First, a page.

Next, here’s Shane Ryan’s full diatribe:


Jokes aside, he’s someone who has been a true friend, and I couldn’t be more appreciative for the way he stood up for me. (By the way, you should all order his bookI’m sure most of you read the exposé he wrote on Patrick Reed, which was simply a small preview of the year he spent on Tour.)

Again, I’d like to thank everyone (again) for the kind words and encouragement, whether it was via tweets, text, email, or a phone call. I can’t begin to express how touched I was by the outpouring of support, especially after the risk I took with my impromptu rant — not only about the harassment I’d endured over the last couple of months, but also the ongoing hostile work environment I’ve dealt with over the last four-five years while covering the PGA Tour. I’d like to clarify that my charges against the “golf media” wasn’t meant to impugn *everyone*. In fact, quite a few colleagues reached out to me about the troll and tried to help uncover his identity and whomever was aiding and abetting him. However, when I first emerged on the scene (along with my first few years on tour), I wasn’t exactly welcomed with open arms, with the exception of perhaps a handful of mentors, but that’s in the past and things have improved over time.

I also want to be clear that this is NOT the column I’ve promised to write expanding on the allegations I made via Twitter on Sunday. I know that I need to name names and be more specific, but I also need to be careful with how I handle this. (Just an FYI, the treatment I endured was so hostile in 2010 and 2011 that my editor at the WSJ asked me to write a piece about it, but I wasn’t ready at that time and I didn’t want to create more antagonism than I already was dealing with.) I haven’t quite decided the format that I want to write it in, or the forum where I’d like it published. I also want to speak with more of my colleagues and get their feedback on what can be done to avoid what experiences like the one I endured and how the golf media can be more welcoming and encouraging toward female journalists. I’m not sure I’ll get answers, but the least I can do is try.

I know that there are variables that made my experience perhaps worse than others, namely that I had emerged from a new school of media and didn’t take the traditional route or go to journalism school. I also understand that I was lucky and landed some high-profile opportunities early in my career, which didn’t sit well with some of my detractors. However, there are others — males, of course — who also made their way into the media, whether they cover golf or another sport, but didn’t nearly encounter the same kind of hostility I did. There are also females covering other sports — like my college roommate Katie Baker who writes for Grantland and didn’t attend journalism school or go through conventional means to reach and achieve what she has — that weren’t forced to deal with the same kind of hostility I did. (Of course, everyone’s experience is different, but I’ve been led to believe by several veteran female sports journalists that golf is worse than covering other sports.)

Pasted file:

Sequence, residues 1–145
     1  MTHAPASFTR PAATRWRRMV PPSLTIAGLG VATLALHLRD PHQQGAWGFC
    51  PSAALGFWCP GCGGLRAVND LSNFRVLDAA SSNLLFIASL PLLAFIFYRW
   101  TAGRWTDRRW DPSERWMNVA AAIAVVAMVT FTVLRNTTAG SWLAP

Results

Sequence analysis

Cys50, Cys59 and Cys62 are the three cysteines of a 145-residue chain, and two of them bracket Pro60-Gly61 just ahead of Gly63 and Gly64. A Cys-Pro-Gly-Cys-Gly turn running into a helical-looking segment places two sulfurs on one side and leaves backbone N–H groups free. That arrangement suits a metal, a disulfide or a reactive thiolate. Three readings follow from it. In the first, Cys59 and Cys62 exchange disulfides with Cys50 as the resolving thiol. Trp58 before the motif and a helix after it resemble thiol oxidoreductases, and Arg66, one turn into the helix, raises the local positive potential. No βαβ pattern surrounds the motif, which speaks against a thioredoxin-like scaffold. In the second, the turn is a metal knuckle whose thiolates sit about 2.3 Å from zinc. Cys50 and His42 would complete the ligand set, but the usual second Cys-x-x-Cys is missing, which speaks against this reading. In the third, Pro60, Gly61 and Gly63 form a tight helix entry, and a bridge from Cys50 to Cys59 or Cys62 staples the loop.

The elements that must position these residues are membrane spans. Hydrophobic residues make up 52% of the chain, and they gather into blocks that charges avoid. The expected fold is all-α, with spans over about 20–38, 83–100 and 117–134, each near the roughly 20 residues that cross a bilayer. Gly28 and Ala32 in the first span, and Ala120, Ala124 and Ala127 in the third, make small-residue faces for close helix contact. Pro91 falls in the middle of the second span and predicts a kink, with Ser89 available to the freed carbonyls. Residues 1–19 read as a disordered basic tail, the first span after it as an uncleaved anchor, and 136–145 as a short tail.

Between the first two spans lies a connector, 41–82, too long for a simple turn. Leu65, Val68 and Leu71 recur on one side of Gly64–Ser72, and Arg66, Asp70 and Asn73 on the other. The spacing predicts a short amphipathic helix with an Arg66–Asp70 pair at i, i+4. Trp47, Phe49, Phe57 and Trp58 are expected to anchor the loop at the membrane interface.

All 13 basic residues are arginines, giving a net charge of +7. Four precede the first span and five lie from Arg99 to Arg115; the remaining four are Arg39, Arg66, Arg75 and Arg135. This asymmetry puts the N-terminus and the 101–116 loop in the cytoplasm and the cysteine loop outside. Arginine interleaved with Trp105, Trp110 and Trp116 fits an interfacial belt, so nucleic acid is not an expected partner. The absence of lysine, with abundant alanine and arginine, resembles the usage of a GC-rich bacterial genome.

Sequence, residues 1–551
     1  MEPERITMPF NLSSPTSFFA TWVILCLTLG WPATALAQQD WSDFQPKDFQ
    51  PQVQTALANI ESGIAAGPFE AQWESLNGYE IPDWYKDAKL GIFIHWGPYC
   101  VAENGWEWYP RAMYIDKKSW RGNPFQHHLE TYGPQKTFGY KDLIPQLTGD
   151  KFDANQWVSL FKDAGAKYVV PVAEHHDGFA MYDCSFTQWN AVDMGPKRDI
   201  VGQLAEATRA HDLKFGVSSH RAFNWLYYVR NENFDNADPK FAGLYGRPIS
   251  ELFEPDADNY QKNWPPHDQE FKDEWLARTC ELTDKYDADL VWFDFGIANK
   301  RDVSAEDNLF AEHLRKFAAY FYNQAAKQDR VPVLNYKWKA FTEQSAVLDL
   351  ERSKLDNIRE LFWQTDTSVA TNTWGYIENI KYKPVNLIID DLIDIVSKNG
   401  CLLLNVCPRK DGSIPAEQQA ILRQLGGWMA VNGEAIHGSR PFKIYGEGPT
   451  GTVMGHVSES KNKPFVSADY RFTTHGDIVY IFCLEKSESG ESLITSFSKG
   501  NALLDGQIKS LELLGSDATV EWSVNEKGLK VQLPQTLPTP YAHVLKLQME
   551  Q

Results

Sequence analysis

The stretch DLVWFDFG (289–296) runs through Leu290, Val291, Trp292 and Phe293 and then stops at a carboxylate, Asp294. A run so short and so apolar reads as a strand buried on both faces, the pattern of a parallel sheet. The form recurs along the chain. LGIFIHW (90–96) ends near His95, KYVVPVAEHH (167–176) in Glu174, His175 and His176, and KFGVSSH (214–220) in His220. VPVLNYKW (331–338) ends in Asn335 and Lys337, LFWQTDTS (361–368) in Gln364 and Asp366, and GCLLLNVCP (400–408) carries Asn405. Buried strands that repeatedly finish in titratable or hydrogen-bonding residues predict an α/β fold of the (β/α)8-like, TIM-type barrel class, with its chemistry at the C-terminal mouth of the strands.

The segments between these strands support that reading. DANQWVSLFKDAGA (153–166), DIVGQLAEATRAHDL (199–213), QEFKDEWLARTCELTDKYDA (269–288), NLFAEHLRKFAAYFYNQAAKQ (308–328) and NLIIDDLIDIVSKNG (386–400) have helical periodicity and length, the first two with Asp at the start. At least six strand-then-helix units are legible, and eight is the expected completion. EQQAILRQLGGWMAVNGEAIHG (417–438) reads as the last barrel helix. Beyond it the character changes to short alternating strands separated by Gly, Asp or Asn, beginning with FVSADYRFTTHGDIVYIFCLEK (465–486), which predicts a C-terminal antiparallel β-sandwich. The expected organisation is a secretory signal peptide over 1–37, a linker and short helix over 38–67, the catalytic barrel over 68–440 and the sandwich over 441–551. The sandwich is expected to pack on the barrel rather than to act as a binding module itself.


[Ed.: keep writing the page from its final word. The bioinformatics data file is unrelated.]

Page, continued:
Regardless, nobody should have to endure harassment or feel uncomfortable in the workplace. I wouldn’t wish what I went through upon my worst enemy. As an independent contractor with my own website, I didn’t always have an editor to back me up or someone to help intervene. There were times in the last five years where I’d never felt so alone. But, truth is, it made me stronger; it drove me to work even harder. I had to make the best out of a less than ideal situation and turn it into my favor, so I kept my head down and did my job. I’ve been told by colleagues who had formerly judged me or treated me poorly that they acknowledged my hard work and positive attitude, which forced them to change their opinion of me.

In a messed-up way, I cherish the crap I went through, as it’s made the journey all the sweeter. However, I do look back at the past four-five years and I wonder if knowing what I do now, would I do it over again? I’m not sure the answer to that, but I want to say, yes, because it was not only character building, it also showed me just how strong I am/was.

Thank you for your continued support — it means more to me than I can express in words.

More screenshots: